Tapping Into the Blistering Tragedy of ‘I’m Lenny Bruce’

Ronnie Marmo as Lenny Bruce. (Photo by Doren Sorell)Ronnie Marmo as Lenny Bruce. (Photo by Doren Sorell)

Let’s begin with a few telling quotes courtesy of Lenny Bruce, the tragically self-destructive satirist of the 1950s and ‘60s who in many ways created the template for the pitch black comedy and social comedy that has endured for more than a half century, and that no doubt still has the ability to inflame the sensibilities of many.

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“All my humor is based upon destruction and despair.” “Life is a four-letter word.” “Everyday people are straying away from the church and going back to God.” “In the halls of justice the only justice is in the halls.” And this is just the tip of the (printable) iceberg.

Today’s theater and comedy scene is a far less restrictive place, so the spirit – and language – of Lenny Bruce can roam fast, free and furiously funny on a stage. And so it does in “I’m Not a Comedian ... I’m Lenny Bruce,” the one-man show by Ronnie Marmo (its virtuosic writer and performer), now at the Royal George Theatre.

Slight of build, and with an ideally mobile face, Marmo suggests the crazy junkie and jazz mentality of the man as he crawls deeply into Bruce’s volcanic, often manic, and increasingly drug-fueled brilliance whether “onstage” in a standup act, or confronting a cop or judge in “real life” as he was continually hounded on charges of obscenity (and more). Marmo also captures the essence of the man who was at turns a lost mama’s boy, an unabashed romantic, a sexual adventurer, an intensely self-aware provocateur, and a self-punishing drug addict with a profound loathing for every form of hypocrisy whether related to race, religion, sex, politics or the true nature of human nature.

Among the most interesting aspects of “I’m Not a Comedian,” is how it reveals along with Bruce’s ferocious defense of the right of free speech came his passion for the almost sacred power of “the word.” And he believed that the more taboo words could be freely used, the more their destructive impact could be defused (He gives all the poisonous examples.). You could certainly argue with this theory, but it does make you think. (One of the funniest sequences in the show involves a riff on a 10-letter obscenity that could zanily be suggested by the more neutral pairing of the words “rooster and lollipop.” That might keep you guessing, but no more hints will be provided.)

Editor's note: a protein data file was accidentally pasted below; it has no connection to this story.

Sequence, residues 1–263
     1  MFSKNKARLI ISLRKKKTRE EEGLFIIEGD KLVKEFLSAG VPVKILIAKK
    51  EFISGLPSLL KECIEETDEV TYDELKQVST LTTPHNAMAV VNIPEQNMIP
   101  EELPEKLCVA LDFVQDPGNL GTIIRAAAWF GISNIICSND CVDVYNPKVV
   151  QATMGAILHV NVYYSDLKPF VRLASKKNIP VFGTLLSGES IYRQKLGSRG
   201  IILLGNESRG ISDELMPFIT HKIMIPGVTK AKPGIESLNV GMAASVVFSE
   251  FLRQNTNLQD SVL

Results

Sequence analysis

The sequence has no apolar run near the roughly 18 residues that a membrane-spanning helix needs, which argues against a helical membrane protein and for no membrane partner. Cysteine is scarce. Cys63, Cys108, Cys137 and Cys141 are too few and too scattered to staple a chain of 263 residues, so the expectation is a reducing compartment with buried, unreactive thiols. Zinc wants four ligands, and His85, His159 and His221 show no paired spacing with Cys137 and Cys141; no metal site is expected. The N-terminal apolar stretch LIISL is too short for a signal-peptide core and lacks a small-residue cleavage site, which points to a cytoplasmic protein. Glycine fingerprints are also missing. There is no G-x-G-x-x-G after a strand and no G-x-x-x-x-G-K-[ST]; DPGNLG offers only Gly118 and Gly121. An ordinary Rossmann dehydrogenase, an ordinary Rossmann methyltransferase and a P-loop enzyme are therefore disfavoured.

Ronnie Marmo as Lenny Bruce. (Photo by Doren Sorell)Ronnie Marmo as Lenny Bruce. (Photo by Doren Sorell)

Directed with just the right balance of the sacred and the profane by Chicago-bred actor Joe Mantegna, Marmo’s show is a seamless weave of excerpts from Bruce’s acts along with original material that deftly takes us inside the man’s psyche. And the intimate, club-like space of the Royal George Cabaret is enhanced by Matt Richter’s smoky lighting and Danny Cistone’s set, where a toilet is the principal piece of furniture.

The show highlights Bruce’s chaotic childhood (He was born Leonard Alfred Schneider, the son of Jewish parents who divorced when he was 8, and was raised in Queens, New York and on Long Island.). Along the way we hear about his intense attachment to his mother (the nightclub performer known as Sally Marr), and his tumultuous marriage to Honey Harlow (a stripper with whom he had a daughter, Kitty, who now runs a foundation devoted to combatting alcohol and drug addiction).

Among the most brilliant scenes in the play are those in which he feverishly attempts to mount his own defense when hauled into court. His many encounters with “the law” included arrests on charges of both obscenity and drug possession, and this made it increasingly difficult for him to get work.

Convicted of obscenity in 1964, Bruce died of an overdose at the age of 40 in 1966, with a gruesome photo taken to document the scene. In a footnote infused with more than a little irony, we are reminded Bruce was pardoned posthumously in 2003 by New York’s then-Gov. George Pataki. You can only imagine how Bruce might be working that bit of news into an act he might be performing in some other universe.

Of course, there is Bruce’s legacy as seen in the work of George Carlin, Richard Pryor, Robin Williams, Bill Maher and countless other comedians. And it only serves as proof that Bruce was spot-on when he observed that “satire is tragedy plus time.”

“I’m Not a Comedian ... I’m Lenny Bruce” runs through Dec. 1 at the Royal George Theatre, 1641. N. Halsted St. For tickets ($69-$79) call (312) 988-9000 or visit www.theroyalgeorgetheatre.com. Running time is 90 minutes with no intermission.

Follow Hedy Weiss on Twitter: @HedyWeissCritic


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